Econonomics of Energy and Environmental Policy

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Competitiveness of Energy-Intensive Industries in Europe: The Crisis of the Oil Refining Sector between 2008 and 2013

Open Access Article

After the so-called 'golden age' of refining between the years 2005 and 2008, total or partial closures of 13 EU oil refineries from 2009 to 2013 reduced the EU's total refining capacity by about 10%. This paper analyses the drivers behind this crisis, using industry data on performance and cost structure collected at the refinery level and covering the years 2000 to 2012. During this period EU refiners lost ground in terms of net margins, which fell from above to below the average of their non-EU competitors. Our results show that up to 90% of this loss was driven by refineries' energy costs, which grew almost twice as much in Europe than in other global refining regions. Further analysis indicates that this was not the result of increased energy intensity but of increasing unit energy costs. The remaining 10% of the total competitiveness loss can be explained by the relative worsening of EU refineries' utilization rates, reflecting the decline in demand for oil products-in particular gasoline-that occurred in the EU. Environmental and energy policies have likely contributed to this demand side effect, but its competitiveness impact remains of minor importance compared to the energy cost surge.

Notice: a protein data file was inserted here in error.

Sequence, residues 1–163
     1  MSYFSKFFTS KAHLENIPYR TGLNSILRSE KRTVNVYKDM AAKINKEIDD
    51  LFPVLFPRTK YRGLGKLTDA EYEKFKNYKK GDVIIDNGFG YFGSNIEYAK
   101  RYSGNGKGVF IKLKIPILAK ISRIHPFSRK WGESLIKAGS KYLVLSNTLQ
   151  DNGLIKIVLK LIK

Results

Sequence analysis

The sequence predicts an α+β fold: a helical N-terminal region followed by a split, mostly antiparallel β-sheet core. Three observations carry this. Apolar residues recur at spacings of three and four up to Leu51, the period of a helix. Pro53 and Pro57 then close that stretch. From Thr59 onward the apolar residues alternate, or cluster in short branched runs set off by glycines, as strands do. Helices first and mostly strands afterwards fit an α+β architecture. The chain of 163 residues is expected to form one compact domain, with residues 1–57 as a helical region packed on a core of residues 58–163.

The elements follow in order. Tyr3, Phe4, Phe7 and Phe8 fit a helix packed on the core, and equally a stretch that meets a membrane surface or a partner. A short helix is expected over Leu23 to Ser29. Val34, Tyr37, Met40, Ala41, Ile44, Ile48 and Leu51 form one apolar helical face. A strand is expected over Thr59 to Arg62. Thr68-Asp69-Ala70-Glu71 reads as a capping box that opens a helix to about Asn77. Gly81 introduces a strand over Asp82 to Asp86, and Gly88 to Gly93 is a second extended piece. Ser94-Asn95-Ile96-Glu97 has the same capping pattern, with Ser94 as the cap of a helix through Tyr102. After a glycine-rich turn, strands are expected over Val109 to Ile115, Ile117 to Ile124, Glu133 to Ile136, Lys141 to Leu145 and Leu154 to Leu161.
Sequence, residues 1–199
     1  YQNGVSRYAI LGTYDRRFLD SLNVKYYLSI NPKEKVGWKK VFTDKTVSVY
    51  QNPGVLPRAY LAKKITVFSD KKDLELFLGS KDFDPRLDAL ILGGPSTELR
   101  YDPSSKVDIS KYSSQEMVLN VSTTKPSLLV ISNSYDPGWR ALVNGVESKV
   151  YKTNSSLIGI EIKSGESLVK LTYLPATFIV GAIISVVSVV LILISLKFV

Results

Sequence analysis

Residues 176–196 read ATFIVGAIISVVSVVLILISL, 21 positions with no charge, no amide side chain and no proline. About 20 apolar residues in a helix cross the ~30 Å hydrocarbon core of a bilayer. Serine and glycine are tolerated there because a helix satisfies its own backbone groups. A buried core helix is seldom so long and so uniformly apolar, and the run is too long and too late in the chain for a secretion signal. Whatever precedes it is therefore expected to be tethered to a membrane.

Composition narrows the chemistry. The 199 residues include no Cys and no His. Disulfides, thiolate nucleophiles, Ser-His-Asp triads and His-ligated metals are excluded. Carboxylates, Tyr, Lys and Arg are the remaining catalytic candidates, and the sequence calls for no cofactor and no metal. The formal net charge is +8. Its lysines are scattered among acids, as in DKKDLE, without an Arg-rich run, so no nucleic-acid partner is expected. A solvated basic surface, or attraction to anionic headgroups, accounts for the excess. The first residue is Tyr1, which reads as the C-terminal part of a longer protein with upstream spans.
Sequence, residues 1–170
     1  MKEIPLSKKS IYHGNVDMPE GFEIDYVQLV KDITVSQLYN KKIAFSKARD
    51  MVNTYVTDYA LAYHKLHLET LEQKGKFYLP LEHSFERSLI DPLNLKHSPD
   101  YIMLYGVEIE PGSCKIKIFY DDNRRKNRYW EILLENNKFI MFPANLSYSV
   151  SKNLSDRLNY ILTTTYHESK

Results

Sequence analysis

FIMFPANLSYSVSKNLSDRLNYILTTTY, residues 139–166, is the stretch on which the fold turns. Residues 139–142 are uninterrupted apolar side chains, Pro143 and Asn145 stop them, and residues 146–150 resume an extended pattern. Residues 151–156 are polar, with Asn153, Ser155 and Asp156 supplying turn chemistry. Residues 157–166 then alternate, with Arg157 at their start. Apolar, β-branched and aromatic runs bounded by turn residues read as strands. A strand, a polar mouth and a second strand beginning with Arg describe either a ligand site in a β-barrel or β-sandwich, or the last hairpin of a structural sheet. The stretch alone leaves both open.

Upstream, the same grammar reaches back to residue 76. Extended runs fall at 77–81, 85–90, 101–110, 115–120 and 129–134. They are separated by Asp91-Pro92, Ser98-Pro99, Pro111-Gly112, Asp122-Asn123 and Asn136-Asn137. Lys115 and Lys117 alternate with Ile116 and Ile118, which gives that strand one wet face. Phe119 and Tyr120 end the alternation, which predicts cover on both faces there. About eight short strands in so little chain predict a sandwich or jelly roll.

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Keywords: Oil refining, competitiveness, energy-intensive industries, energy prices, EU refinery closures

DOI: 10.5547/2160-5890.8.2.rmar

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Published in Volume 9, Number 1 of The Quarterly Journal of the IAEE's Energy Economics Education Foundation.


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